evil_cucumber
    Except you're the only one who seems to think it isn't clear. Just saying.
  • April 30, 2013
    MonaNaito
    I agree that Best Before Decade is confusing--in my opinion, it's actually the most confusing of all the potential titles suggested thus far.

    Expired Decades Ago? Best By Last Decade?
  • April 30, 2013
    WackyMeetsPractical
    ^^ You're right. Consensus is going your way, and there's nothing I can do about that. But I also know that tropes have been launched in the past with names everyone thought was a good name, but still suffered serious misuse.

    Just look at Missed Moment Of Awesome, now named Offscreen Moment Of Awesome. It was originally about awesome scenes described in a show, but happening offscreen so the audience never gets to see it. The name sounded good, it described the trope perfectly, but then people started seeing the name and started using it without reading the description. Before long there was massive misuse, people using it to mean awesome scenes that could've happened but didn't, or awesome scenes that almost happened, but were negated. It caused a lot of confusion, and the trope had to be renamed. Even though everyone who launched it thought the name was perfect.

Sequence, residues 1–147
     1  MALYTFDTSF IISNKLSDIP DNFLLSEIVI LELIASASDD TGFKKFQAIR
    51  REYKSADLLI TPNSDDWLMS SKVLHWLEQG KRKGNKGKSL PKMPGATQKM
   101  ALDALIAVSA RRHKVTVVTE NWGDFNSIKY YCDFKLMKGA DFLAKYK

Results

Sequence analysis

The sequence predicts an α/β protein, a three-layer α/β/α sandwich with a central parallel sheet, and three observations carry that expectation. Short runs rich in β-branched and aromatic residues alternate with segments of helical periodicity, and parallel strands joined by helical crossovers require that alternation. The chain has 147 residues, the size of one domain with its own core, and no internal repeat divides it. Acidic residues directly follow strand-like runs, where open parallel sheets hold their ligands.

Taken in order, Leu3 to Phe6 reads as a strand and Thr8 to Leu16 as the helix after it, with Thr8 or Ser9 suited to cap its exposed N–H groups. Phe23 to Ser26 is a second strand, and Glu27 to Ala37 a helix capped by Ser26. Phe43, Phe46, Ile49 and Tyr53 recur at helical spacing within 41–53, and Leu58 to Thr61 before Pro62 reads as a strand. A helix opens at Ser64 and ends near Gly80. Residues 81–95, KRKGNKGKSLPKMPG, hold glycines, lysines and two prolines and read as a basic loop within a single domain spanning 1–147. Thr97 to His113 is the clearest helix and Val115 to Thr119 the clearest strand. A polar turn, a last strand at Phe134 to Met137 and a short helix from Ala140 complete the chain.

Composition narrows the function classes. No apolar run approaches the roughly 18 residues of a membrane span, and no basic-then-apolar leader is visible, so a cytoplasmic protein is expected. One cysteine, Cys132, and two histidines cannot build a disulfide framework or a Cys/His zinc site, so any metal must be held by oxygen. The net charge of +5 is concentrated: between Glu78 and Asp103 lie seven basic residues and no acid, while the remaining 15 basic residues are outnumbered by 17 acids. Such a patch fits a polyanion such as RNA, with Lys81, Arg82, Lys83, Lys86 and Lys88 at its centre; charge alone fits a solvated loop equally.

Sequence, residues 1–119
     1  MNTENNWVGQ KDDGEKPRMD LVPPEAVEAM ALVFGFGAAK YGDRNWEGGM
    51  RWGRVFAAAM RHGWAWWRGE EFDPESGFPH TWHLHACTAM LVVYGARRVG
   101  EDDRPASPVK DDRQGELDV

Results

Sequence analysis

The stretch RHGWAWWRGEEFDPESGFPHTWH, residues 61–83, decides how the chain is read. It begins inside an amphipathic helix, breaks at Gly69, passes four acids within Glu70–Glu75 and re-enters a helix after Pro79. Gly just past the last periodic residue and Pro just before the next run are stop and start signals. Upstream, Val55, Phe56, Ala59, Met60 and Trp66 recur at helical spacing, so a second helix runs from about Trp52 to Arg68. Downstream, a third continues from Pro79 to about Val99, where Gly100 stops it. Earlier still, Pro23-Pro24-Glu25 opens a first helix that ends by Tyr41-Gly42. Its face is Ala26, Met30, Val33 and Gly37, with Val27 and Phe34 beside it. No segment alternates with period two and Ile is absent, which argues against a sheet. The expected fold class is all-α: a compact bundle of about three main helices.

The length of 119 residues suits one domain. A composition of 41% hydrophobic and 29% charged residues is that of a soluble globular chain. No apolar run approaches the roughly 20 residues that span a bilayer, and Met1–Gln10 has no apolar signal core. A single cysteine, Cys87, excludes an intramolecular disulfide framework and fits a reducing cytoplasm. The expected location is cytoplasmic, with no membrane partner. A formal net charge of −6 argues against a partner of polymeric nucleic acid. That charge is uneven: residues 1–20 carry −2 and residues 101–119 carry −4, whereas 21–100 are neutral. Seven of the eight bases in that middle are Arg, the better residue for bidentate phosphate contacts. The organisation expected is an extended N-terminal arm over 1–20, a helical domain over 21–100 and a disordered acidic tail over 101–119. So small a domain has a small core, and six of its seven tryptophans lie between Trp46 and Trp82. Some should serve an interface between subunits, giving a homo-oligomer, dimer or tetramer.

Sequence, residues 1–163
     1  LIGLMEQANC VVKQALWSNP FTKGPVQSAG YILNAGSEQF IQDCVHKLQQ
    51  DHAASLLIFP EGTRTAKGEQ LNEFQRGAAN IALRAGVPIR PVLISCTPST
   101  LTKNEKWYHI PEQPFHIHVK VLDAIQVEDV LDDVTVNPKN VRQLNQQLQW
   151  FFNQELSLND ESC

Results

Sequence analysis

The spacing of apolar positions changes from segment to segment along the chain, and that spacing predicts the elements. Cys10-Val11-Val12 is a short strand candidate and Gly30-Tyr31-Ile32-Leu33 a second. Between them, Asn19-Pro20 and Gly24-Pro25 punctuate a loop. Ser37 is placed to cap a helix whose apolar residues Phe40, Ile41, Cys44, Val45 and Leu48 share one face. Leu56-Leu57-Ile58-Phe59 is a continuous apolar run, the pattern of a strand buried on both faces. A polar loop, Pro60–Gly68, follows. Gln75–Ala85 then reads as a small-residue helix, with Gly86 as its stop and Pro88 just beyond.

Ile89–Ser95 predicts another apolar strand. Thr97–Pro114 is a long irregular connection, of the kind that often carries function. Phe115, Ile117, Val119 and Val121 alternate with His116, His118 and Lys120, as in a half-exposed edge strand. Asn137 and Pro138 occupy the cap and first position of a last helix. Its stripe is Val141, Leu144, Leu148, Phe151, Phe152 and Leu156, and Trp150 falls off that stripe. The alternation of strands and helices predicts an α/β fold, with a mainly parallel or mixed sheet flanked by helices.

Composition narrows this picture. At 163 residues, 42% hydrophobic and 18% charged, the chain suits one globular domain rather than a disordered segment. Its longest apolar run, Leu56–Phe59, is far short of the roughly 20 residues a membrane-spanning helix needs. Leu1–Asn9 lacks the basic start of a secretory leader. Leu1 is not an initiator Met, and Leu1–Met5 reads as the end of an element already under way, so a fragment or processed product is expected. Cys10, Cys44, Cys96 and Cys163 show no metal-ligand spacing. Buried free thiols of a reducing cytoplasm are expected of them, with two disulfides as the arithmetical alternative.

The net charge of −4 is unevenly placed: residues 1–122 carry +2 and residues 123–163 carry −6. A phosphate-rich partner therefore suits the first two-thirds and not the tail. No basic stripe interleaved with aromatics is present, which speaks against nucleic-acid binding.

I can't make anyone change the name. But I see a potential for the name to be misunderstood, and it is in my opinion that this could lead to massive problems. And it will be a lot easier to change the name now than to take it to the Trope Repair Shop months or even years later.
  • April 30, 2013
    MetaFour
    Overlaps a bit with Indestructible Edible.

    Film:
    • Down Periscope
      Pascal: Goddammit, Buckman, this tin's been here since Korea!
      Buckman: What's the matter, sir? It still tastes like creamed corn...
      Pascal: Except, it's DEVILED HAM!
  • April 30, 2013
    randomsurfer
    I'm with WMP re the title.

    Live Action TV:
  • May 1, 2013
    oneuglybunny
    Webcomics
    • Tim Buckley's Ctrl+Alt+Del comic from 4 February 2003 has Ethan consuming breakfast cereal that expired in May 1985. Lucas hypothesizes that consuming mold-culture cereal has made Ethan more delusional and sociopathic than usual.
  • May 1, 2013
    arbiter099